The young woman was carried into the hospital at 9:30 a.m. Twenty minutes earlier she had been hanging laundry when a bomb fell in her courtyard on the outskirts of Taizz, an ancient city in southwest Yemen. A man covered in blood, her cousin, cried as the doctors rushed her to the trauma center.
“Both legs?” he asked when the doctor returned and gestured to show where they would amputate. One leg was shredded; the other had a protruding bone. Both, the doctor confirmed. She was put in an ambulance and taken to another hospital. Then there was silence. The nurses scrubbed blood off the floor and waited for the next patient.
That night, Matteo Bastianelli, an Italian photographer who’d watched the scene, wrote in his diary about life in Taizz after three years under siege: “Doctors wait, with the thunder of airplanes in their ears and the dust in their eyes, living with the fear that something terrible and irreparable could happen at any moment."
Once known by the Romans as Arabia Felix, “Fortunate Arabia,” Yemen was a strategic port at the entrance to the Red Sea, made rich by spices and scents. Today it’s one of the poorest countries in the world. Until 1990 north and south Yemen were governed separately, and this divide continues to fuel conflict. In late 2014 separatist Houthi rebels seized the capital of Sanaa in an attempted coup. Fearing a regional shake-up, neighboring Saudi Arabia intervened on behalf of President Abdrabbuh Mansour Hadi’s former government. With support from the U.S., the U.K., and nearly a dozen Arab states, a Saudi-led coalition launched an air campaign to help Yemen’s government keep its grasp on large swaths of the country.
After three years of fighting, the numbers are stunning: In a nation of nearly 29 million, 22 million Yemenis are in need of humanitarian assistance, according to the UN. Two million have been displaced. At least 10,000 are dead. With the economy and health care system in shambles, Yemenis make desperate decisions to find medical treatment. Some take dangerous cross-country journeys to hospitals run by humanitarian groups; others spend their savings at private clinics. More than half of Yemen’s hospitals are closed or partly functioning, and sometimes administrators must choose between buying medical supplies and fuel for generators. Infectious diseases such as cholera and diphtheria are rampant, reflecting the lack of treated water and other basic government services.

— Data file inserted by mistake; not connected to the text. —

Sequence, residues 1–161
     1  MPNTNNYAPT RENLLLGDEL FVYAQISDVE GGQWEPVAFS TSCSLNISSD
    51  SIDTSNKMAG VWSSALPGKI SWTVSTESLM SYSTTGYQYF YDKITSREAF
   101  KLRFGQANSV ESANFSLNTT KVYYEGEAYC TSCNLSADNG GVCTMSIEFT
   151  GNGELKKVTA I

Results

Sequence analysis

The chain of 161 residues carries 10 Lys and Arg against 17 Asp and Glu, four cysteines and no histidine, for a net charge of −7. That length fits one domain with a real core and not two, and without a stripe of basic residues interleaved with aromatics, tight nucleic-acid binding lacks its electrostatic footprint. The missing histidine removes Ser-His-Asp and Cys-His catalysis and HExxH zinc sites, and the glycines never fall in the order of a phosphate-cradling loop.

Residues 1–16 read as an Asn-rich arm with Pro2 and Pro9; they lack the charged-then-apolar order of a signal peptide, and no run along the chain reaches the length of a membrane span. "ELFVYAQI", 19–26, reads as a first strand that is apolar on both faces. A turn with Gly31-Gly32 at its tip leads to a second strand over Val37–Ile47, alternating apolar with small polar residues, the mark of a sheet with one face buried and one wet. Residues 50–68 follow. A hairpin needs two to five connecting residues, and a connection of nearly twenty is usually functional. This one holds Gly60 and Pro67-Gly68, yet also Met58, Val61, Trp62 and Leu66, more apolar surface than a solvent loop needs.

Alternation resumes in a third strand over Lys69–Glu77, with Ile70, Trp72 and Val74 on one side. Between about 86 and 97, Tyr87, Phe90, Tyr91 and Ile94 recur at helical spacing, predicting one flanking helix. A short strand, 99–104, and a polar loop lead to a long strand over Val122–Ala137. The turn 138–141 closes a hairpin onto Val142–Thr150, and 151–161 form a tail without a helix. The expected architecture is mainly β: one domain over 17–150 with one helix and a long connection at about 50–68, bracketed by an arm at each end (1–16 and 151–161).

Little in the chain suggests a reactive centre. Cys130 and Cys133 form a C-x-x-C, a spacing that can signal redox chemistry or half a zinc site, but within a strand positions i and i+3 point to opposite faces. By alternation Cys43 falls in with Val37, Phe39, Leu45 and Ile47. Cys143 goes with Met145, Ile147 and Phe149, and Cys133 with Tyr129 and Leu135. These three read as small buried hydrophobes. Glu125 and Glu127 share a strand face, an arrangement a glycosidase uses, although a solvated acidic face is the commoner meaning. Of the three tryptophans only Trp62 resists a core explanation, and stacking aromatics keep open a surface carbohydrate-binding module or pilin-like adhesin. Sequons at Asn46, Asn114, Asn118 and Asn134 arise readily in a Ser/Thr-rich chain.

Before 2015 the recently built, five-story white stone building on the outskirts of Taizz was slated to be a hotel. Less than two miles behind a battlefront, it’s now a maternity hospital and trauma center run by Doctors Without Borders. Behind the concrete barrier, malnourished babies are fed, cholera patients recover, and war victims are bandaged: young boys hit with shrapnel while playing in their yards, the hospital’s own night watchman, hit by a shell while shopping.
Doctors and other health workers at public hospitals haven’t been paid since 2016. Humanitarian groups are supporting the health ministry with salaries and supplies. But a Saudi-led coalition blockade on the country’s airports and ports in an attempt to stop supplies from reaching the rebels has arbitrarily delayed or diverted aid shipments, says Kristine Beckerle, with Human Rights Watch, adding that both sides “are weaponizing aid.”
Since 2017 the country has seen more than a million suspected cholera cases—the worst outbreak in modern history. One NGO ordered a shipment of medication in July 2017. It didn’t arrive until April.
Many of Yemen’s doctors have moved to private hospitals or fled the country, leaving a shortage of medical professionals. Those who stay behind train their neighbors to treat wounds in case of an emergency overnight, when it’s too dangerous to travel.The private clinics cost more than even a middle-class civilian can afford. If you are dying, one elderly man told Bastianelli, you have to pay to be pronounced dead. The other option is to drive across the front lines to one of the country’s two open airports. Few can afford the cost of fuel—or the risk. “They’re locked in Yemen. No country is giving them asylum or making a humanitarian corridor,” says Bastianelli. “They count the days and wait to die.”